|The recent introduction of robots with compliant capabilities into the robotics market has opened up a host of new, human-centric research possibilities, for scientists working in the fields of robot learning and social robotics. Two examples include kinesthetic teaching and human-robot cooperation. Because robots are no longer “put behind fences”, they are increasingly capable of executing tasks in collaboration with human users. Such human-robot collaboration requires engineers to make drastic changes in the way robots move, learn and interact with users. This PhD proposal addresses the problem of transferring collaborative manipulation skills to robots in a user-friendly manner. Such skills involve rich and diverse behaviors such as the assignment of leader/follower behaviors, passive/active roles switching, specialization, turn-taking, compliance, inter-agent synchronization, action anticipation, and the use of non-verbal cues to communicate intent.|
There are clear limitations to engineering solutions currently being used to implement such skills in robots. Critically, these skills sometimes appear to us as naturally grounded. It is proposed to study how versatile robotic peers could be developed, by looking at human-human collaboration to gain a better understanding of the mechanisms supporting the acquisition of collaborative manipulation skills.
The neurocognitive mechanisms supporting human-human cooperation will be studied in collaboration with Prof. Roger Newman-Norlund, Director of the Division of Motor Control and Rehabilitation at the University of South Carolina. The nature and roles of mutual responsiveness, complementary action, intention recognition and empathy in joint action will be studied from behavioral, psychological and cognitive neuroscience perspectives, by considering the performance of human-human dyads comprised of healthy subjects and subjects with impaired social abilities (i.e. Autism).
The human-robot cooperation experiments will be conducted with the compliant full humanoid robot COMAN, as well as with two 7 DOFs compliant manipulators with sensorized hands.
This PhD proposal takes place within the STIFF-FLOP project (STIFFness controllable Flexible and Learn-able Manipulator for surgical OPerations), which is a collaboration with 11 universities, research institutes and companies in Europe (KCL, UK, SSSA, Italy, TRI, Spain, PIAP, Poland, HUJI, Israel, UoS, UK, USiegen, Germany, Shadow, UK, FRK, Poland and EAES, Netherlands).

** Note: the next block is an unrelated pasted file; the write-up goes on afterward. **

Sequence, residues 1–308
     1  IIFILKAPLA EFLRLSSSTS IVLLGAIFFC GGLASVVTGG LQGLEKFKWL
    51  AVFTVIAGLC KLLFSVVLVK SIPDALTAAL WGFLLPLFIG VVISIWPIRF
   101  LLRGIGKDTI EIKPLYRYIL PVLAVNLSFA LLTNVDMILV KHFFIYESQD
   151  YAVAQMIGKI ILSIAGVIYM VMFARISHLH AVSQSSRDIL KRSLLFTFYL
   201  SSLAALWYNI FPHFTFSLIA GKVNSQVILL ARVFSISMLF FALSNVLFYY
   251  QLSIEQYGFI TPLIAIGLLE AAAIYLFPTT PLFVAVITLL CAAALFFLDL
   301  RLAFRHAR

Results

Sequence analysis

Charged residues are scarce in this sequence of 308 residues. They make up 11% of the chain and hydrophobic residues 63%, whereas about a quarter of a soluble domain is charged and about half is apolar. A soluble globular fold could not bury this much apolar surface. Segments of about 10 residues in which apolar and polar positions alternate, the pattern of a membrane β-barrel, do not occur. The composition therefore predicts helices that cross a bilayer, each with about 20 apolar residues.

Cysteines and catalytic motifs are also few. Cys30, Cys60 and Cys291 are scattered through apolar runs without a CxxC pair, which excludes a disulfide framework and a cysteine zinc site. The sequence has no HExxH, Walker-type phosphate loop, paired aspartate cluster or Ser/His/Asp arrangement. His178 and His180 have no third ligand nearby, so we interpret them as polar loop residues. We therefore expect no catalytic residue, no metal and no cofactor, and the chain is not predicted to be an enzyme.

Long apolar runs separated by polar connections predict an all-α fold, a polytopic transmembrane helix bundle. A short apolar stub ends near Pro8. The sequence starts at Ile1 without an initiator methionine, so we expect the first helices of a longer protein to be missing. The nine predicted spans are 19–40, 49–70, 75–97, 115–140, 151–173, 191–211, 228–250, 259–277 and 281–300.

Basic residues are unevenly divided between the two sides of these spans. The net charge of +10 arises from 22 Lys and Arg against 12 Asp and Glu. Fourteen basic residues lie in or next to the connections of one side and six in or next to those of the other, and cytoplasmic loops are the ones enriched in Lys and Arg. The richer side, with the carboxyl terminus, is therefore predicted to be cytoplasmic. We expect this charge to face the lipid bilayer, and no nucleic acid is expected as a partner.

In minimally invasive surgery, tools go through narrow openings and manipulate soft organs that can move, deform, or change stiffness. There are limitations in current robot-assisted surgical systems due to the rigidity of robot tools. A soft robotic arm will be available within the project to manipulate objects while controlling the stiffness of selected body parts. This PhD proposal will focus on the learning, human-robot interaction and variable compliance manipulation aspects.
The objective is to exploit the relevant statistical information contained in multiple demonstrations from the teleoperator to learn force/position control manoeuvres so that the teleoperator can, over time, concentrate on high level decisions while the robot takes care of low level reactive control manoeuvres in a semi-autonomous fashion. The PhD candidate will conduct robotic experiments to answer a number of key questions in applied machine learning to control the stiffness of selected parts of the body, to move in a constrained space, and to exert desired forces on soft objects with uncertain impedance parameters.
Probabilistic models such as hidden Markov models (HMM) and Gaussian mixture regression (GMR) will be explored to learn control policies that take into account variability and correlation information collected by consecutive trials. The learning problem will be explored in tight connection with the control problem to orchestrate the degrees of coupling of the flexible arm that best suit the statistics of the task (e.g., by stiffening the arm in task relevant dimensions).